The only real people we really get to know and see in this entire film are the two main characters and the ‘Villains’: Sharpay and Ryan. Which even then is a subject of controversy. Let’s face it, Ryan is the closeted gay figure in this film. His mannerisms, clothing, gestures all point to the stereotypical effeminate mystique. And yes, this is 2006 and people weren’t exactly on board with people being out, but this is a very, very Disney thing to do. The constant closeting and pushing of queer characters under the rug isn’t new, and to see it in a high school setting when so many people I knew revealed themselves is overall almost hurtful.

The movie’s message is to not ‘stick to the status quo’ and yet? That message can only be true to our two main leads. Not only because we know the most about them and the boundaries they are making, but because they are also in the ‘in’ crowd. Troy is extremely successful; the star player. Gabriella is the best and brightest child in the school with a very successful businesswoman as a mother. Even from the beginning, they aren’t the status quo; they are above and beyond it. It’s almost not a surprise that they are successful on stage too. If Disney really wanted to show what not sticking to the status quo looked like, it would have been about Kelsi, writing and composing at such a young age and the obstacles she goes through. Or it would have been about Ryan and his struggles with being closeted and the relationship he has with his family because of it. It would have been about Chad or Taylor (Gabriella’s new best friend) and their struggles with excelling and falling continuously behind in school. But instead, they are side characters, not as important and boiled down to their most basic stereotypes. Instead of sticking to the stuff we know (basketball star and smart shy girl), would it hurt to know about the stuff we don’t know?

Now, it’s a simple Disney channel movie that took the world by storm. I don’t think the creators thought it was going to be as big as it turned out ever and as previously mentioned, 2006 wasn’t the most progressive year and neither was the early 2000’s in hindsight. I have other smaller issues with the musical. I went into this expecting to feel sorry for Sharpay. I was told she worked her whole life to be on the center stage and has been in musical after musical. So yes, it is a little unfair that two randos come in and steal the spotlight. However, as someone who has performed in multiple productions and concerts and having countless people like her, I strongly believe she deserves to be put in her place. She is rude, constantly takes advantage of people lacking confidence, cannot handle when things do not go her way, uses and constantly abuses her brother and is overall, unkind. A whole internal theme of the plot and even throughout the series is that we should feel slightly sorry for Sharpay because she is ‘sometimes’ kind. However, none of that kindness is to believed to be genuine and she is really truly not a good person at all. And while we learned a little bit about Sharpay’s backstory and how hard she works to take the stage, she really only buys into the stereotypical diva. She falls into the category ultimately of spoiled brat. If the movie really wanted to fight the status quo, maybe they shouldn’t have made her as rich or come from some sort of hardship, showing the audience that the stage is truly all she has and therefore create sympathy for her and make her more of a person.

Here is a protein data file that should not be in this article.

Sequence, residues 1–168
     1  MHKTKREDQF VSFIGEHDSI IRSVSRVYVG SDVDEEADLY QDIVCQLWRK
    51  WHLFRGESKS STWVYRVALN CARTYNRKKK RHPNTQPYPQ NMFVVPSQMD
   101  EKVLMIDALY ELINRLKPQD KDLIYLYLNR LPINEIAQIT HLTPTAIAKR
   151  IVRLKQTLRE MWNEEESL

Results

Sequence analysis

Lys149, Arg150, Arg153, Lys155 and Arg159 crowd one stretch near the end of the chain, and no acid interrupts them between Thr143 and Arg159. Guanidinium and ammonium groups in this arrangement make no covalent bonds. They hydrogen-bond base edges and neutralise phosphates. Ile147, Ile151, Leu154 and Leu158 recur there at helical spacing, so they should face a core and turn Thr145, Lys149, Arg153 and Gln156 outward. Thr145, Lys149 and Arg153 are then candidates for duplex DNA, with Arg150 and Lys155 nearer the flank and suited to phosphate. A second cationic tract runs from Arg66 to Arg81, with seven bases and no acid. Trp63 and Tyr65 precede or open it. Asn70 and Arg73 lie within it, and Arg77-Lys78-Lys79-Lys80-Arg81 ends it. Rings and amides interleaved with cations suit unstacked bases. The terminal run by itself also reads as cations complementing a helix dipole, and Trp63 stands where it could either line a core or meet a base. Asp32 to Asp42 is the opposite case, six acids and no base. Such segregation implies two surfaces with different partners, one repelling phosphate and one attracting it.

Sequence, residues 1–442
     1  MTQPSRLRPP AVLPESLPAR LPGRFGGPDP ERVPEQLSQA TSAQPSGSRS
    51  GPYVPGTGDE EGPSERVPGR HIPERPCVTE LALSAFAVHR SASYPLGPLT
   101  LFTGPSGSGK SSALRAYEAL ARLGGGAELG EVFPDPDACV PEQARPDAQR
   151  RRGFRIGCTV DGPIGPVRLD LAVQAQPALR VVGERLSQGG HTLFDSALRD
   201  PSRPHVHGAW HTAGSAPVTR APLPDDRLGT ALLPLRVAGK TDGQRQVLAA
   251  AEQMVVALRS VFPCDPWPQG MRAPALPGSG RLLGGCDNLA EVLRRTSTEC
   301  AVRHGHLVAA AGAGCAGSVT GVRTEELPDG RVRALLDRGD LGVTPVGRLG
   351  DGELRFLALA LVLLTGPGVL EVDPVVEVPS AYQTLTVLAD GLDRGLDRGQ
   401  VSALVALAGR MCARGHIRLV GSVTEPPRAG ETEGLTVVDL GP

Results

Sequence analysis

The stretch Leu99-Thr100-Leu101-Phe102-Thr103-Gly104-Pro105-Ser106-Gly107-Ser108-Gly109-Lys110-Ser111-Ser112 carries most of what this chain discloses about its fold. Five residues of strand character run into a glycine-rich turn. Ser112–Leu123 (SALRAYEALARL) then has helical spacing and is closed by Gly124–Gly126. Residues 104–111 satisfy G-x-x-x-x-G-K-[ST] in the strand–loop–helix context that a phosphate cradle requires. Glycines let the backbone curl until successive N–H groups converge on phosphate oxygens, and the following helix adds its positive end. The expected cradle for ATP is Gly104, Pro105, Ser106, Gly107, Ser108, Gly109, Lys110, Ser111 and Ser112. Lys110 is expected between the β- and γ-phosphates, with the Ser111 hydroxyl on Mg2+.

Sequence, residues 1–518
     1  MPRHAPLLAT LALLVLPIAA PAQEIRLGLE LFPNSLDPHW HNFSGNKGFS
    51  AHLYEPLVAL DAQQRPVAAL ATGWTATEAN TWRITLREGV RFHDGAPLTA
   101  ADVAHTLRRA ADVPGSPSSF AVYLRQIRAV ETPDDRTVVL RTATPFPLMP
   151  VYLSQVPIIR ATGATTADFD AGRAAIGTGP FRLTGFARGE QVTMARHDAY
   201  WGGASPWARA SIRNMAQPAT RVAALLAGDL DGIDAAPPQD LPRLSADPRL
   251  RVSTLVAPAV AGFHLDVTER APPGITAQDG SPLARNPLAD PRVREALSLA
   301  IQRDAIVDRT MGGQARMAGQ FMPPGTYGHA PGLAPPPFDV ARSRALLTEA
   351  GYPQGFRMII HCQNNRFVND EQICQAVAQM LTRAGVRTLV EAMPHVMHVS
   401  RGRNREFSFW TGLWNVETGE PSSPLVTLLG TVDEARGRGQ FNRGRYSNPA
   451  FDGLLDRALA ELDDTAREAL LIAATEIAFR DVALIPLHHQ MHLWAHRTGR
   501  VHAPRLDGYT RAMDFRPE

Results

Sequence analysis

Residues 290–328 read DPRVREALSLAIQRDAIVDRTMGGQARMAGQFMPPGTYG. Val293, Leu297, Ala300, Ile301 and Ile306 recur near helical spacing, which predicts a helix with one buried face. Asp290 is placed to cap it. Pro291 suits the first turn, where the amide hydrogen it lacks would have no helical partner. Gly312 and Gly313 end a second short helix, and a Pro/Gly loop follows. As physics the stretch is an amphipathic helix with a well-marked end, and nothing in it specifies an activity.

Overall, I enjoyed the experience of the musical. I got to heal my inner child a little bit by finally watching something that everyone seemed to grow up on and got to bond with my roommates over it as well. (We watched The Greatest Showman afterwards to see how Zac Efron grew up.) I enjoyed watching it being older now and acknowledging how different it would be if the show came out today and the issues that simply came with the era it was created in. Disney made a fun musical, because that’s what it was good at. It refused to take a risk with a musical where the whole point is to take a risk, but that goes along with the pattern that Disney holds over many, many of it musicals. While uncovering a piece of my childhood, I also got to be critical of the film and all of its endeavors.